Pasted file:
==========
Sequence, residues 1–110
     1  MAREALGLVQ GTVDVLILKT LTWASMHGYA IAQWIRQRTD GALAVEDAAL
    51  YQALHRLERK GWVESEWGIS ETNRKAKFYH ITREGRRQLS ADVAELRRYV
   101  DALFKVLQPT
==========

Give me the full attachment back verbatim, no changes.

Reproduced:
Sequence, residues 1–110
     1  MAREALGLVQ GTVDVLILKT LTWASMHGYA IAQWIRQRTD GALAVEDAAL
    51  YQALHRLERK GWVESEWGIS ETNRKAKFYH ITREGRRQLS ADVAELRRYV
   101  DALFKVLQPT